I've never sat and stared at a blank page and not been able to put down a single word, so I assumed I'd never really had writer's block. But that stereotypical, angsty form of the dread disease isn't the only form it takes. There's a quieter, more insiduous form that can sap your creativity just as surely. And that one I've suffered from frequently.
Even when you know where your story is going, it's sometimes excruciatingly, teeth-pullingly hard to get there. You may find that you have no time to write. You may find that you hate the previous chapter so much you can't possibly write another word until you fix it. Or maybe you have a burning need to blog, or Facebook, or Tweet, or play that extra game of Lexulous. Maybe you need to watch that rerun of Law and Order for the 47th time. The kids need something, the dog needs to be walked, a committee needs volunteers, there's a great yoga class, or--heaven forbid--a client actually needs work done. Oh, and somewhere in there, there's a very patient husband. When you're excited about the story and the characters and plot are working well, none of that stuff gets in the way of putting down 1500 words a day. When you grind down to 100 words-per-day or spend more time talking or reading about writing than actually writing, you may have joined the great, often unwashed, ranks of writer's block suffererers.
Time for an eight-step program. But first, the diagnosis. When I sat down and thought about why I'm not writing as easily, I found it all came down to doubt. Sit down and analyze what it is that brought your writing to a crawl. Is it any of the following reasons?
- There's something in the story that isn't working right, but you don't know what it is.
- You've written yourself into a corner and need time for your brain to figure out how to get out of it.
- You're worried that the concept of the story isn't good enough.
- You're worried the voice of the story isn't right or good enough.
- You're worried that your writing overall isn't good enough.
- You're worried that no matter how much you write, how many times you edit, you will never be good enough.
- You've heard all the great stories about other people's journeys and their success makes you more convinced than ever that items 3,4,5, AND 6 above are absolutely true.
- You just read a great book, a stupendous, knock-your-breath-out-of-your-chest book, and you will never be that good in a million years.
- If something in your story doesn't work, read the manuscript over with an editorial eye and find the problem. Show it to critique partners or beta readers. Get their feedback and LISTEN to what they say.
- If you've written yourself into a corner, try different techniques for getting out of it. Run 'what if' scenarios. Throw more complications at your protagonist. Review your Goal, Motivation, Conflict (GMC). Pick up a free tool like yWriter and plug the scenes you've already written into it, describe those scenes, put in the goals and conflicts within each one, and then start shuffling and fine tuning until something creative fires inside your brain.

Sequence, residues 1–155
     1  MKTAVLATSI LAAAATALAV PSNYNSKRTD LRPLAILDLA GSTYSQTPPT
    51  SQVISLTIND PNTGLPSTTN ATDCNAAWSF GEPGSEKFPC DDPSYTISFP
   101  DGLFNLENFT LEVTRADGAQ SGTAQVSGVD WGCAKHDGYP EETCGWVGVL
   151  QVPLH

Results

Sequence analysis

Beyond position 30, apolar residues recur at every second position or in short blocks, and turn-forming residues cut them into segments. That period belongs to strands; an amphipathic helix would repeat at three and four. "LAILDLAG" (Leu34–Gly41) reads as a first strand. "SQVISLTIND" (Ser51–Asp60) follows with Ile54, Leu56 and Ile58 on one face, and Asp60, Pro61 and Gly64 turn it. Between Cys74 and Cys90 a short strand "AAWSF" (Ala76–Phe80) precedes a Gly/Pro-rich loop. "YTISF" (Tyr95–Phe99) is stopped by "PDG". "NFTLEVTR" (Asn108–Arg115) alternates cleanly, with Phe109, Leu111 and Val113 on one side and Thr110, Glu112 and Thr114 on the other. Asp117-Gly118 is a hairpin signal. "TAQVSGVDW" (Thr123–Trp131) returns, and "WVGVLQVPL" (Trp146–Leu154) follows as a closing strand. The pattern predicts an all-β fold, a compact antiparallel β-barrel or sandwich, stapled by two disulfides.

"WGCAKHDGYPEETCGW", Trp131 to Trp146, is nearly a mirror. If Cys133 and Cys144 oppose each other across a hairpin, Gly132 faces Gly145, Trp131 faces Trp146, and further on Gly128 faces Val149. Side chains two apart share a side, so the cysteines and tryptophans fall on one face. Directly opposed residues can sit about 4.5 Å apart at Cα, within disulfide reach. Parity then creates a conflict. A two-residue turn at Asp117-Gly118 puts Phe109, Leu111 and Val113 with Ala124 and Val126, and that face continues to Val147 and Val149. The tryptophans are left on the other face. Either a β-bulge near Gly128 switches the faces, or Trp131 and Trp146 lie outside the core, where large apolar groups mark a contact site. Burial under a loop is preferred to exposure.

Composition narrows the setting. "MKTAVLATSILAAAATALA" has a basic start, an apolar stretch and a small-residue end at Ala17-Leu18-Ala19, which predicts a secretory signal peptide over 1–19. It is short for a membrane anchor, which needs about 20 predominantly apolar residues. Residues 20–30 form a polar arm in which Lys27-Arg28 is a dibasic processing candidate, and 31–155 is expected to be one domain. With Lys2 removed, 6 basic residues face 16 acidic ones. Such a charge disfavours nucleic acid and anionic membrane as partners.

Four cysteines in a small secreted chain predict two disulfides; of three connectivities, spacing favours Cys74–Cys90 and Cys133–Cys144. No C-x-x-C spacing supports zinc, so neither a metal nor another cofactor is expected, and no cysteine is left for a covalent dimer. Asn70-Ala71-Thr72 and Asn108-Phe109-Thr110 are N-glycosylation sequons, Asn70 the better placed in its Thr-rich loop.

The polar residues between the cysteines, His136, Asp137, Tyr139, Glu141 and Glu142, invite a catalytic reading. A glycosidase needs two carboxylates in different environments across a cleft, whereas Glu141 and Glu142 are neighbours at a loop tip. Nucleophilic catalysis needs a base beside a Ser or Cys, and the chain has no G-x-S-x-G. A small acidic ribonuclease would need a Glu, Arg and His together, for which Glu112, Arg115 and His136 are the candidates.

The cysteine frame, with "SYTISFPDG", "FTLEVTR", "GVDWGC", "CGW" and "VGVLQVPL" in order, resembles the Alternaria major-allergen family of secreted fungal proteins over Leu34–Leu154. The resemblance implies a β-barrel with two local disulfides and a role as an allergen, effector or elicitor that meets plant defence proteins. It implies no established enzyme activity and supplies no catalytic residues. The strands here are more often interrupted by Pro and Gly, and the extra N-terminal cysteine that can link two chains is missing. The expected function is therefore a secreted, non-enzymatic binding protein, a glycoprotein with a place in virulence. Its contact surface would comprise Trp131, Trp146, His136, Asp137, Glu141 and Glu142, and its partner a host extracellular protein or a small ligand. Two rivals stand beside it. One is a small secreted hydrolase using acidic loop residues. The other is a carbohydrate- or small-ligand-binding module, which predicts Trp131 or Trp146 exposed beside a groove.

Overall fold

- Analyze the concept. Break it down to a log line or pitch paragraph and see if it sounds interesting. If it doesn't, then maybe that's the problem. Keep twisting it until it's a saleable, workable premise. And yes, that may require rolling up your sleeves and getting dirty.
- Figure out what's wrong with the voice with the help of critique partners and beta readers. Is it wrong for the main character? For the genre? Not interesting enough? Not authentic enough?
- If you're worried about your writing, you can work to improve it. Read great books in a variety of genres, experiment, and write, write, write. The more you write, the better you will get.
- You may never be good enough--that's true. But how do you measure that? Are you a failure if you don't win a Newberry? If you don't make the NY Times Bestseller list? If you don't get published? One thing's for certain, you do fail if you never try. Maybe instead of worrying about failure, it's time to redefine success.
- The writers who get the most attention are those who make it fast, or make it big. For all of them, there are a lot of others who made it by clawing their way onto the midlist by the skin of their teeth, working hard on every book, and steadily getting better at their craft. Remember them instead of the J.K. Rowlings of the world.
- You probably will never write a knock-the-breath-out-of-your-chest book. But maybe you will speak to someone, even one person, the way that book spoke to you. Maybe one sentence in one book you write will change someone for the better, or make someone happier, or make them see something in the world in a different way. It may only be a critique partner, or a trusted friend, and that's okay. It's better than okay, because it's someone who matters to you even more than a stranger would. And maybe the next book will change two people. In the meantime, you get to keep writing, and you have the excuse to keep reading a lot of great books that make you feel amazed and humbled and inspired.
And bonus? We get to meet and spend time with other writers, and many of them--more than I can count--are the most incredible people in the world. They keep imagining all these wondrous things, and they keep working toward seemingly impossible dreams. They make the journey a joy to travel.
So what about you? Do you suffer from writers block? What brings it on? And how do you get over it?